TransRockies run at Beaver Creek: Running at the speed of life |

TransRockies run at Beaver Creek: Running at the speed of life

Randy Wyrick
Vail, CO Colorado
Courtney Robinson and her partner Audrey Weber CHECKING SPELLING finished the six-day TransRockies Run Friday in Beaver Creek. Robinson suffers from cystic fibrosis. The race started Sunday in Buena Vista and covered 113 miles of Colorado back country, with more than 18,000 feet in elevation gain. Randy Wyrick photo

BEAVER CREEK – Courtney Robinson runs at the speed of life.

The Vail Valley native finished this week’s TransRockies Run, covering 113 miles of Colorado backcountry over six days, with elevation gains that surpasses climbing Mount McKinley.

It’s a lifetime accomplishment even for someone who doesn’t suffer from cystic fibrosis, which Robinson does.

Robinson runs because she can, and because she loves it. As she and partner Audrey Weber crossed the finish line Friday in Beaver Creek, Robinson was laughing and smiling the smile of the completely alive.

Hopeful on Hope Pass

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Earlier this week, the hundreds of runners crested Hope Pass between Leadville and Camp Hale, possibly the most poorly named stretch of real estate on God’s green earth. Even elite ultra marathoners like Dean Karnazes, when asked if they needed anything, replied that an extra lung would be nice.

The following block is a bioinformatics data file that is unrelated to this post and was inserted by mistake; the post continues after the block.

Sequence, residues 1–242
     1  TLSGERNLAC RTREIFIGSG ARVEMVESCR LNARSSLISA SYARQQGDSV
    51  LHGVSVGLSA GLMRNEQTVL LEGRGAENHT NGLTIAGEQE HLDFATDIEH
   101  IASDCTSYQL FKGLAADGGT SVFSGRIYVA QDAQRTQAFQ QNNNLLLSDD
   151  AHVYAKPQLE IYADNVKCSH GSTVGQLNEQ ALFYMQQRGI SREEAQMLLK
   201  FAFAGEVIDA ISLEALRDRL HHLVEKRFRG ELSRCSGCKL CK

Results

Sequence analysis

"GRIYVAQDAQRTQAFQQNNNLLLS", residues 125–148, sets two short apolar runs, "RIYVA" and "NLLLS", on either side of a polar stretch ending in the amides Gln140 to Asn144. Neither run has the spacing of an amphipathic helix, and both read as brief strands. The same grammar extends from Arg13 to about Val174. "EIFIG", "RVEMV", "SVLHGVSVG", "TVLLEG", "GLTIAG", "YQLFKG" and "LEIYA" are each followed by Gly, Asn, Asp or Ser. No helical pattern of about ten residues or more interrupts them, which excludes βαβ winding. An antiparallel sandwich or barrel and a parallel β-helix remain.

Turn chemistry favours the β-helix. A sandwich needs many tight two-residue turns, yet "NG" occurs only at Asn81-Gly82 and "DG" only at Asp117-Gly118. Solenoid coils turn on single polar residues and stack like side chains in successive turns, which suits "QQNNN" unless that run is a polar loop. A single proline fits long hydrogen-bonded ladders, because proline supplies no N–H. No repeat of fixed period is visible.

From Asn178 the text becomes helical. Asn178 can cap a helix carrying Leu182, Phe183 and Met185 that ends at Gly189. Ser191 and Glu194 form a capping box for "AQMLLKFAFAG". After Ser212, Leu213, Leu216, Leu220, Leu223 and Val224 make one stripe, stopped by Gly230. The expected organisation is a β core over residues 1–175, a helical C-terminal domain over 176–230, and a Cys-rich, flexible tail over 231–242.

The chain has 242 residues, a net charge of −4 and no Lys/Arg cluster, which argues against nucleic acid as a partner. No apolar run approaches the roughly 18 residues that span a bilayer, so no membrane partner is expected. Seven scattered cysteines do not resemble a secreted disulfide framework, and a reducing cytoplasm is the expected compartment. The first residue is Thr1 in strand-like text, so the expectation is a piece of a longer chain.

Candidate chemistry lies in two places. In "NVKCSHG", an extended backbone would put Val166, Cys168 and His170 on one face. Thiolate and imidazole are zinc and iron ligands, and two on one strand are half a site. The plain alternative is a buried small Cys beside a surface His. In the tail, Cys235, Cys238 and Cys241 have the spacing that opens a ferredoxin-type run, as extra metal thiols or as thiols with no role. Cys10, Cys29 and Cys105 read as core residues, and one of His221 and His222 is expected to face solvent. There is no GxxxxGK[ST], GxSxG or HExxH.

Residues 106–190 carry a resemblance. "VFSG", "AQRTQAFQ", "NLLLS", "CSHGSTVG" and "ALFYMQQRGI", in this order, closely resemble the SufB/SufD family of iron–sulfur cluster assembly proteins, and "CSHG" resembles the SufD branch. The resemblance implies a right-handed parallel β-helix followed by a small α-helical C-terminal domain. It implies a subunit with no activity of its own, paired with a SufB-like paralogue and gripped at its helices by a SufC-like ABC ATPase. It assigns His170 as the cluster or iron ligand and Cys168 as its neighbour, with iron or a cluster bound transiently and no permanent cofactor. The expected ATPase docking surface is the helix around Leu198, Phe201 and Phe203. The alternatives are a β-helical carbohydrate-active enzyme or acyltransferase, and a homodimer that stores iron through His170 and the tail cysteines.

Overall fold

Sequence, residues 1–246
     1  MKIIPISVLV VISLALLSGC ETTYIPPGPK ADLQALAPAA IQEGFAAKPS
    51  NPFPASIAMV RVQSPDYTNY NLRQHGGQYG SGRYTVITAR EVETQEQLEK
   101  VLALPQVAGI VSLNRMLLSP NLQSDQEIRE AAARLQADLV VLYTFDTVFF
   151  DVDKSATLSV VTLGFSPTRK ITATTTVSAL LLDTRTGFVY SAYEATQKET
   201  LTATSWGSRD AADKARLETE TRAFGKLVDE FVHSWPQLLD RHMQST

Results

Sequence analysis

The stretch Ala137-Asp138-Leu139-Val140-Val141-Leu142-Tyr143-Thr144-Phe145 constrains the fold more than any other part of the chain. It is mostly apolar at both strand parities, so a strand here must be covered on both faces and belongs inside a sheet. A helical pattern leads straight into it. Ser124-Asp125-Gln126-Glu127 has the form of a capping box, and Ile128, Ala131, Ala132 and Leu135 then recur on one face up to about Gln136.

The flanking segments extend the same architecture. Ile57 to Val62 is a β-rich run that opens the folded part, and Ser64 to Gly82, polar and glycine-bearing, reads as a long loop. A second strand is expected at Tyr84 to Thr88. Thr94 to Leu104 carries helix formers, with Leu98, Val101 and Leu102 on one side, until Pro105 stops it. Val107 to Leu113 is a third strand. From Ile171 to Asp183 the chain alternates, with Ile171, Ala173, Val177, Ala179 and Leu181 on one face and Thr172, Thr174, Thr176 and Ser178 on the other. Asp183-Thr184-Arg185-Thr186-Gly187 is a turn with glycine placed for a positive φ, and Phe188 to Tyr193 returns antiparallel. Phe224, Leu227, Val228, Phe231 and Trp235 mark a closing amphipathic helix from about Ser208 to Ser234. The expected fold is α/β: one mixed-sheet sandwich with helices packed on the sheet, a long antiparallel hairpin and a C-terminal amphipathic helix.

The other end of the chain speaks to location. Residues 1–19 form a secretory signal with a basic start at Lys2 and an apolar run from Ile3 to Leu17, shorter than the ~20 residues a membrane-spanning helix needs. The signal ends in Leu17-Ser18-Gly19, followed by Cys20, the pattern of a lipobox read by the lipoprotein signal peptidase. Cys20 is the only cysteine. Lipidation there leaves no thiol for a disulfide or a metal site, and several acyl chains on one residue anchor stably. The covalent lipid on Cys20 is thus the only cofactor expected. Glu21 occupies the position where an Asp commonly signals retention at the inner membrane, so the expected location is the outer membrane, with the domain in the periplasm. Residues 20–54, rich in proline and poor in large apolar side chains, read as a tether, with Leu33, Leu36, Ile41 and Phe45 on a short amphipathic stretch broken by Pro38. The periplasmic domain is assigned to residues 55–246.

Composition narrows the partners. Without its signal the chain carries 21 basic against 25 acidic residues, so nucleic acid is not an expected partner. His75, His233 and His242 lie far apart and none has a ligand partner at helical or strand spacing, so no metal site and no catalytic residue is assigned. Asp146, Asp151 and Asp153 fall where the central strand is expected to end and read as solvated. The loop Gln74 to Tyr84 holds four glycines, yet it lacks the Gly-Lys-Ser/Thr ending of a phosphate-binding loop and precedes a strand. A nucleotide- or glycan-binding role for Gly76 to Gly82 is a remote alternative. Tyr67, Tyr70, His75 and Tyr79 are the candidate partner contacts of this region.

Hope Pass was Robinson’s favorite part.

“She’s a great climber,” Weber said.

Weber and Robinson both finished Dartmouth in 2009. After they finished Friday they rested their tired young selves in Beaver Creek.

Through the six-day ordeal, they asked each other the obvious question, “How do you feel?”

“We placed it on a scale of 1-5,” Robinson said, resting in the cool, cascading creek waters. “Usually it was a 2, and that’s about right. You don’t want to be too high for an ultramarathon.”

Cystic capacity

Robinson, 25, says she has about 90 percent of an average person’s lung capacity. Of course, a TransRockies runner’s lung capacity is about the size of the flight deck of the aircraft carrier U.S.S. Eisenhower.

“But it’s not my lungs as much as it is my legs,” Robinson said, pointing out that her decreased lung capacity limited the amount of oxygen moving to her legs, which carried her to the finish line.

Salt intake is a problem for Robinson. Cystic fibrosis sweats the salt from her system two- to four-times faster than the other runners.

Paramedics tested her blood so often it seems she was in some high elevation vampire movie.

Still, she and Weber ran every step, up and down – mostly up. Friday as they crossed into the finish corral, paramedics followed her with a gurney, just in case.

It’s good they were there. A couple other runners needed them, but Robinson did not. She didn’t even notice them.

She was running at the speed of life.

Staff Writer Randy Wyrick can be reached at 970-748-2935 or

What is cystic fibrosis?

Cystic fibrosis is an inherited chronic disease that affects the lungs and digestive system of about 30,000 children and adults in the United States, 70,000 worldwide. A defective gene and its protein product cause the body to produce unusually thick, sticky mucus that clogs the lungs and leads to life-threatening lung infections. It also stops natural enzymes from helping the body break down and absorb food.

In the 1950s, few children with cystic fibrosis lived to attend elementary school. Today, many people with the disease can now expect to live into their 30s, 40s and beyond. There is no cure, but treatments are improving.

Those afflicted tend to have salty-tasting skin, persistent coughing, frequent lung infections, and wheezing or shortness of breath.

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